Mr Radford also expressed disappointment over a lack of consultation between the Novocastrian Wind proponents and the fishing club.

“It’s very disappointing that no Equinor or Oceanex representatives have made contact with the NPSGFC to discuss any aspects of their planned project within the Hunter offshore wind zone.

“Not even a brief introduction to start the consultation process.

“The NPSGFC is a key stakeholder, recognised by the Australian Government, and they can’t even pick up the phone?

“How’s that for consultation!”

On the issue of fishing, offshore wind developers Oceanex Energy say detailed consultation will be undertaken over the seven-year feasibility licence period to “ensure we understand what impact there is, if any, and how it can be minimised”.

“In many areas around the world, offshore wind farms have been found to stimulate increased fishing opportunities,” an Oceanex spokesperson told NOTA.

Lyne Nationals MP David Gillespie has slammed the announcement of the feasibility licence being awarded, labelling it a “slap in the face to the Port Stephens and Myall Coast communities”.

“This is not a community opposed to renewables, just opposed to renewables that threaten their livelihoods and the environment they treasure,” Dr Gillespie said.

“The Minister continues to try and sell this project as providing reliable renewable energy.

“There is nothing reliable about wind energy.

“While the Minister likes to quote nameplate capacity, we know that the average actual capacity for a wind farm is 35 percent.”

The region’s union bodies, however, have welcomed the announcement.

“The Hunter Jobs Alliance is excited to continue engagement with Oceanex and Equinor to work on maximising local jobs, supply chains, manufacturing, best practice environmental mitigation strategies, and community benefits for our region,” said Justin Page, coordinator of the Hunter Jobs Alliance.

“We have had good engagement with this wind proponent leading up to this point and can now work on ensuring there is good community consultation throughout the environmental assessment stage to have genuine environmental concerns heard and addressed.”

Mr Page said the Department was consulting locally on regulations impacting the burgeoning offshore wind industry.

“There has been consultation on licence conditions including local content, local jobs and supply chains, transmission, safety zones, work health and safety, financial securities, and management plans to underpin community and key stakeholder consultation requirements.”

Jo Lynch of the Hunter Community Environment Centre said, “The commencement of environmental sites studies is a crucial phase in the development process for offshore wind and we look forward to working with successful proponents to ensure the Hunter’s offshore wind industry is ecologically sustainable.”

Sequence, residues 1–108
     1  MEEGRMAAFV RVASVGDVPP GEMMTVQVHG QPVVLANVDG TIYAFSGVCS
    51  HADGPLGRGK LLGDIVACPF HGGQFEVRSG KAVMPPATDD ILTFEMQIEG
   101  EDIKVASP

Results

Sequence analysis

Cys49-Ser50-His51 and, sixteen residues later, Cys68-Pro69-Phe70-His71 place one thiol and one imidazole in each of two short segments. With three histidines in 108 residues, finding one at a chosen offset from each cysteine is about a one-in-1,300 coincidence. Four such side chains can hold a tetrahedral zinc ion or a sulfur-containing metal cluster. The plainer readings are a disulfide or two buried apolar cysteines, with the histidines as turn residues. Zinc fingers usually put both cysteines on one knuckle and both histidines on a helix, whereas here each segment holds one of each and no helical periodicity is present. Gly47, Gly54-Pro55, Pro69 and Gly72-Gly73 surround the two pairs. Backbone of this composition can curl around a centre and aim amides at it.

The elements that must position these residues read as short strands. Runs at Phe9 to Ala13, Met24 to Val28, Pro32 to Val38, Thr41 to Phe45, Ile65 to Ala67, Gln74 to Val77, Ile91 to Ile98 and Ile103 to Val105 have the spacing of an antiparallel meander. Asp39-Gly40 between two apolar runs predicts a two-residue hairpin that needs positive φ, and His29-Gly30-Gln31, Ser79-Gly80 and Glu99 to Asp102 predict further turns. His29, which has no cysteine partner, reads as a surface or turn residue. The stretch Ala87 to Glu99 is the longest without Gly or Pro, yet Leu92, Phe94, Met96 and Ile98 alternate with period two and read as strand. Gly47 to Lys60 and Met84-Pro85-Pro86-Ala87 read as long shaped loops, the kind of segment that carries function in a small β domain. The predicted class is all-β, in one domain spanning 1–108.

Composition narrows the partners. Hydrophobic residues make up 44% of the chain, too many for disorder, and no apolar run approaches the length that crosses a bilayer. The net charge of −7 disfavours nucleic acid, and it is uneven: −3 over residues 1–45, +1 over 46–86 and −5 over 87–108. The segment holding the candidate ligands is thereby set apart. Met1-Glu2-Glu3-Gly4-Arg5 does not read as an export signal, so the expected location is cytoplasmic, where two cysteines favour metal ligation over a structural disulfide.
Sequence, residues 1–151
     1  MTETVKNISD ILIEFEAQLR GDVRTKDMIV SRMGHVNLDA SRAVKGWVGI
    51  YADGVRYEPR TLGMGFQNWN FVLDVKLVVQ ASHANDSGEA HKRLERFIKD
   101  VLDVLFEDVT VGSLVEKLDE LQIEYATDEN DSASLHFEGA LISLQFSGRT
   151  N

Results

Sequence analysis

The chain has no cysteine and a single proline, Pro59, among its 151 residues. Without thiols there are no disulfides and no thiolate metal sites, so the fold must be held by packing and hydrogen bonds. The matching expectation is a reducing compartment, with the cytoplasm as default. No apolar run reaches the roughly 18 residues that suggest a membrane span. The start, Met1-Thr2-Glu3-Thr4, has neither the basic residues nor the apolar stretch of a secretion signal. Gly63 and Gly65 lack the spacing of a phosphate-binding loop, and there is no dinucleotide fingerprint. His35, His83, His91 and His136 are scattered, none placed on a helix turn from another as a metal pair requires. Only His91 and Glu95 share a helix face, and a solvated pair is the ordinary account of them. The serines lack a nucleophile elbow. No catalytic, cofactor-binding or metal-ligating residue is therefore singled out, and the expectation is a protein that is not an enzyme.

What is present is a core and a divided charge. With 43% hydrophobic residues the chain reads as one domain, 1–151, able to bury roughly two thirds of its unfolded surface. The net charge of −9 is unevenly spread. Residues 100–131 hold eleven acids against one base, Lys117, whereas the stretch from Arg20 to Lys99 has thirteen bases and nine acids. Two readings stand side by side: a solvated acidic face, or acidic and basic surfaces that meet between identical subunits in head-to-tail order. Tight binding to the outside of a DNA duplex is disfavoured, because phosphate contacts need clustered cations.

Mark Watson, an independent Port Stephens Mayoral candidate, described the licence announcement as “a huge insult to the residents of Port Stephens”.

“It is quite clear that a large portion of residents oppose the offshore wind farm which will heavily impact the fabric of the community, the environment and livelihoods of many,” he said.

“There is no social licence granted by the community; the Minister should not be able to just walk in and destroy what the locals hold dearest to them, which is the natural beauty that Port Stephens has to offer.

“The so-called ‘3000 jobs created’ does not take into account the long term ramifications of a region that relies heavily on environmental tourism, hospitality, commercial and recreational fishing.

“The Minister by his own admission does not even think fishing takes place ‘that far out’ in the declared zone,” Mr Watson said.

Local environmental group EcoNetwork, which believes “offshore wind can be an important part of the renewable energy mix”, is waiting until more is known about environmental impacts before taking a position.

“Greenpeace says whales are not impacted, but we need to see the details in the environmental assessments, including any possible impacts on migratory and other bird species, and how they can be mitigated,” said Sue Olsson, the group’s vice president.

“In the meantime, climate change remains the primary threat to life on the planet, and that needs to be addressed urgently, including transitioning to renewable energy as soon as possible.”

If the Novocastrian Wind project is proven to be feasible, Oceanex and Equinor can then apply for a commercial licence to build an offshore wind project to generate electricity commercially.


The Hywind Tampen wind farm in Norway, the largest in the world of its kind, is owned by Equinor Energy. Photo: Jan Arne Wold/Woldcam.

One thought on “Hunter offshore wind project takes next steps

  1. The largest offshore floating wind farm in the world has only 11 turbines which supply Equinor’s gas platform in the North Sea. Hardly a valid comparison with the thousands of turbines proposed for about 135,000 square kms in the so far proposed 6 marine areas in Australian waters.